We continue to reflect on what kind of models and tools can help us the most to accompany clients in coaching processes. Those focused on behaviors and habits or those on personality?
Behaviors and habits or from the personality? How is it more appropriate to approach improvement processes?
We continue, then, with the last question of the previous post.
To do this we will first have to assess how personality and behaviors and habits influence improvement and development.
Let’s start with another question:
What do we seek with development? The improvement of results, right?
Attention, please. When we speak of results, we refer to how one feels in each of life’s situations. In some way, what each experience contributes to personal satisfaction (or dissatisfaction).
Once we asked a manager of a company what his results (actually improvable) depended on. He replied: ‘from whatever my team does’.
As long as one is not aware that in order to improve their results (in one type of situation) one has to behave in a different way (in this type of situation), it makes no sense to expect any change (Fig 1.). The aforementioned manager could start by considering, for example, a more positive way of influencing his team. It is obvious, then, that we can improve the results through behavior (what we do).
But human behavior is based on habits. Normally these behaviors and habits fit into a ‘personality trait’.
Then we say, for example: ‘this person is prudent’. Because he shows traits of prudence: he reflects, plans, studies, works meticulously, etc.
It is inappropriate, even ‘dangerous’, to link the improvement of results and satisfaction with personality
Since we usually use tools as a starting point for improving results, the process towards the result would be:
Personality –> Behaviors and Habits (personality traits) –> Result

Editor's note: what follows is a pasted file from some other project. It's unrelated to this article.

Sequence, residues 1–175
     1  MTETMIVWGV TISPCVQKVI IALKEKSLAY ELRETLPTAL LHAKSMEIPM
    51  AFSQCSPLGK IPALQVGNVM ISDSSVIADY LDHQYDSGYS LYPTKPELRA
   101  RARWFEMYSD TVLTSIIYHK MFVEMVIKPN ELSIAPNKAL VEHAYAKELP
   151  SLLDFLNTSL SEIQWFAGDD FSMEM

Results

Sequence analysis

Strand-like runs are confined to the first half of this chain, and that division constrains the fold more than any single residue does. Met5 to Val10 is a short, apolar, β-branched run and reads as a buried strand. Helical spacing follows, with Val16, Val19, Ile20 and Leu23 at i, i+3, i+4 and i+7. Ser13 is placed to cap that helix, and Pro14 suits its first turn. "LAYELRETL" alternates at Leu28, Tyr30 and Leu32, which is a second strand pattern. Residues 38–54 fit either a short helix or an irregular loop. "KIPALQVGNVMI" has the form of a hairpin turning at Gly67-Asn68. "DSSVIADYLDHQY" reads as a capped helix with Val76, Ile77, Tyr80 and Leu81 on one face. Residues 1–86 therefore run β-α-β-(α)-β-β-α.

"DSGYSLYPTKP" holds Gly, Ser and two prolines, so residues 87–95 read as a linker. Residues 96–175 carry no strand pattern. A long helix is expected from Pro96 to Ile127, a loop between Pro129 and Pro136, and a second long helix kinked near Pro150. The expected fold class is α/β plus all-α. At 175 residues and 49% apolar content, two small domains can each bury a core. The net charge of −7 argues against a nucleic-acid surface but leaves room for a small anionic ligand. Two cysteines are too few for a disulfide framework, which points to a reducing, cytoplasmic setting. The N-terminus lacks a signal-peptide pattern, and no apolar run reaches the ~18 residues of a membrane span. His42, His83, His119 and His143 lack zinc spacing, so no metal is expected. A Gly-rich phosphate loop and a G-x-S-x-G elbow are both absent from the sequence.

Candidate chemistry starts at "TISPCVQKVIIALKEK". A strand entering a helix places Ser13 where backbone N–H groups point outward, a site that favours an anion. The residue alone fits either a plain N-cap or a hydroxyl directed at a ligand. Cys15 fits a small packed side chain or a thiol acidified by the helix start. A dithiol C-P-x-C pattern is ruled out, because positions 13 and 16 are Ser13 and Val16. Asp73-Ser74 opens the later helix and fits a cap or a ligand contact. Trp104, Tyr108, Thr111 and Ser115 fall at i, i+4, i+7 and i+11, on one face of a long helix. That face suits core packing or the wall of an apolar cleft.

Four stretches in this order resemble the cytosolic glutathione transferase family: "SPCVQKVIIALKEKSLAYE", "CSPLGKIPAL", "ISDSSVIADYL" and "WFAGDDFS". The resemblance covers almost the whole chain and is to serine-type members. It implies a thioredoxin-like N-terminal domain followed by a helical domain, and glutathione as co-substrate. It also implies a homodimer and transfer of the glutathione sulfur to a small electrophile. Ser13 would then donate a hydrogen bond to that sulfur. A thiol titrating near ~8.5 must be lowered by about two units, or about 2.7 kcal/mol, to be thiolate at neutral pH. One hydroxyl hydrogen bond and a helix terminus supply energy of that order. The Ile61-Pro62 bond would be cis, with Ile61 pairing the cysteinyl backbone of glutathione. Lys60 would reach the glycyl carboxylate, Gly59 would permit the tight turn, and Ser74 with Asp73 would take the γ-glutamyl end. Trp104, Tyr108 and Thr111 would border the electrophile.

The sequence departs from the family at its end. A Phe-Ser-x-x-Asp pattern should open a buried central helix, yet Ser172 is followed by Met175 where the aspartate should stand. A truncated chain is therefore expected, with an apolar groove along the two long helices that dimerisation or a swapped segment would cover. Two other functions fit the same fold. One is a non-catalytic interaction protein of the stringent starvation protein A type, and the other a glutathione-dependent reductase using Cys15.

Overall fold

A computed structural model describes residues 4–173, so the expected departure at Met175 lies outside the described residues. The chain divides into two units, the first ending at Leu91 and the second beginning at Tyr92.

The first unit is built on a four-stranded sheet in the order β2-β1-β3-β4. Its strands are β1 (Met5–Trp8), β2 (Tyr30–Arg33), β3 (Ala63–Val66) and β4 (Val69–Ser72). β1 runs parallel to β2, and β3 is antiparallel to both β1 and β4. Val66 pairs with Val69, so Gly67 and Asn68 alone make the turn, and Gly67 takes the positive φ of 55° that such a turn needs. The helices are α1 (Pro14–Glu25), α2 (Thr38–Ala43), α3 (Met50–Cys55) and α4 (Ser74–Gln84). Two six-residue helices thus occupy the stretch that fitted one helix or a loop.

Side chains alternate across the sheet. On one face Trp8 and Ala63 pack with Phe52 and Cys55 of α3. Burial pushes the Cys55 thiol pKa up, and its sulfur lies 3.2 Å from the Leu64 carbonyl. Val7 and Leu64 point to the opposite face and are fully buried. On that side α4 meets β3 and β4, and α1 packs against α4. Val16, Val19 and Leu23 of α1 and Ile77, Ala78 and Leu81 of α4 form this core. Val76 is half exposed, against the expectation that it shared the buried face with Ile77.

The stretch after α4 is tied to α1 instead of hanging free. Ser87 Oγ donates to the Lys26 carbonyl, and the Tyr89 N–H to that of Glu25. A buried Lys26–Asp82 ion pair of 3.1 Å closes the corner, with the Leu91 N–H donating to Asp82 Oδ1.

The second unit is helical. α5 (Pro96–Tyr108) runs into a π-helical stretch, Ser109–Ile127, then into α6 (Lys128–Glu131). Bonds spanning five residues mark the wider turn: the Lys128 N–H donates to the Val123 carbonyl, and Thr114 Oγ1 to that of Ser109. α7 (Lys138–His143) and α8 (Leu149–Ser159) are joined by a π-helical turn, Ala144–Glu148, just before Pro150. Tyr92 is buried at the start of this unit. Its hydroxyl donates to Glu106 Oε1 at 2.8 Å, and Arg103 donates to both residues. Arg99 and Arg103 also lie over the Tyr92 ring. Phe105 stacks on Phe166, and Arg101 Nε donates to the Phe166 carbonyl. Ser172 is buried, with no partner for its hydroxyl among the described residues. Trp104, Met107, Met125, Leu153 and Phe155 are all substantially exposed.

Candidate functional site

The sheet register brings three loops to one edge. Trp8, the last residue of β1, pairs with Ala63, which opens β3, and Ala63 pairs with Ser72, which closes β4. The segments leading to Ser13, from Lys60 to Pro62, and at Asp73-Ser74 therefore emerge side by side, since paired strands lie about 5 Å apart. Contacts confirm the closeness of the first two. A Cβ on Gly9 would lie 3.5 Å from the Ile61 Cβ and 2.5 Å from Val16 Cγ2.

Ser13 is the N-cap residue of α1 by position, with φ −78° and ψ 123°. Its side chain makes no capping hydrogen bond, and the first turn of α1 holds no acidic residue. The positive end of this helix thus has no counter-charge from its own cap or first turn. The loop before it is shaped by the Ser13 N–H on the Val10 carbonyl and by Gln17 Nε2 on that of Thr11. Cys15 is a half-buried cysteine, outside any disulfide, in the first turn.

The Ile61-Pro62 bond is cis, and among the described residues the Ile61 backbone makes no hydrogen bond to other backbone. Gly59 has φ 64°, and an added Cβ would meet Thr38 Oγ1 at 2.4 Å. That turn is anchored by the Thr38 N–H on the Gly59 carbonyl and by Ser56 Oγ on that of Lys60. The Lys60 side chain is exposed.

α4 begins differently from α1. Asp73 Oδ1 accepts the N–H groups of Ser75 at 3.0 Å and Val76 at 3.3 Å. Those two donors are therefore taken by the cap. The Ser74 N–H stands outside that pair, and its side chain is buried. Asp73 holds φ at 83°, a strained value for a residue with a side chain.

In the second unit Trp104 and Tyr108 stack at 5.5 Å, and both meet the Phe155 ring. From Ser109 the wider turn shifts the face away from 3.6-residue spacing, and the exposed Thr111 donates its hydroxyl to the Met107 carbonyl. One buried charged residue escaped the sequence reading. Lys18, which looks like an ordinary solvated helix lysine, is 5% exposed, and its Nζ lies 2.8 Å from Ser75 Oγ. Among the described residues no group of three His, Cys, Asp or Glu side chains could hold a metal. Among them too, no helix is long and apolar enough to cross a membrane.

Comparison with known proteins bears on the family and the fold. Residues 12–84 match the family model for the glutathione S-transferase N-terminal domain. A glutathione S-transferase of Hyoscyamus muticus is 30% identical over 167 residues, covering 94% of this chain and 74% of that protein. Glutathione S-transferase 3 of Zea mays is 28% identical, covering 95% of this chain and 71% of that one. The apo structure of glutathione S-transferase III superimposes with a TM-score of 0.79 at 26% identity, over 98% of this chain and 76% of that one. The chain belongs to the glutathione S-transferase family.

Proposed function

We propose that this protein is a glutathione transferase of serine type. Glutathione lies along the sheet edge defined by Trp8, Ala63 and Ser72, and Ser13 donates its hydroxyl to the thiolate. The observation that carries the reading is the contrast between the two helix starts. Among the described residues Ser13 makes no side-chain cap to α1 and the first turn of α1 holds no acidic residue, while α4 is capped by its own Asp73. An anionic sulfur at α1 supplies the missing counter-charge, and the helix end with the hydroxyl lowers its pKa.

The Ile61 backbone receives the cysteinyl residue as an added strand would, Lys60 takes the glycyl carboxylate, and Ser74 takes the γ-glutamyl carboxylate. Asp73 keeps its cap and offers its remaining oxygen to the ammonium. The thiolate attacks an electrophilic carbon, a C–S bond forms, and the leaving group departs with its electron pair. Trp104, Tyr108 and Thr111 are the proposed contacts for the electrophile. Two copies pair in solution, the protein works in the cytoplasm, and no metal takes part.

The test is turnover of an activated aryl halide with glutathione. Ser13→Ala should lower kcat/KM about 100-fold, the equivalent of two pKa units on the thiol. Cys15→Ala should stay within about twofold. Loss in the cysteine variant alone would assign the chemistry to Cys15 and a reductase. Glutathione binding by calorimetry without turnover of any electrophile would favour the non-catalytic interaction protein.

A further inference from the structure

The more we link the improvement of the result with personality, through the model used, the greater the risk that if someone is not satisfied with their results, they will consider changing their personality. You may think that your personality is not correct. Even that those of others are not correct (if you have little self-awareness).
Imagine that the tool classifies a person as an introvert and that an extrovert profile is necessary for their job. What will the person think; does it have to roll over like a sock?
The vast majority of the tools cited in the previous article (DISC, Insights Discovery, MBTI) are based on personality models. NeuroQuotient®, no.
Behaviors and habits and the brain processes behind them and how they influence results.
We have created a tool based on neurobehavior.
NeuroQuotient® is not a personality tool (neither types nor traits). We do not ask ourselves how ‘we are’, but how ‘we do’ from our brain. We do not move from the binomial behaviors and habits, but from a more essential point of view: neurobehavior or brain processes. Understanding what happens in our brain when we behave in a certain way, it is easier to find alternative ways to improve results. No need to change personality.
Changing your personality is almost impossible. It is much more affordable to adjust behaviors and habits to improve results (Fig. 2).
To make the difference between personality tools and NeuroQuotient® in the next post we will take ‘prudence‘ as an example.
To continue, we ask ourselves a couple of preliminary questions:
What strengths does prudence provide?
What opportunities for improvement can prudence have?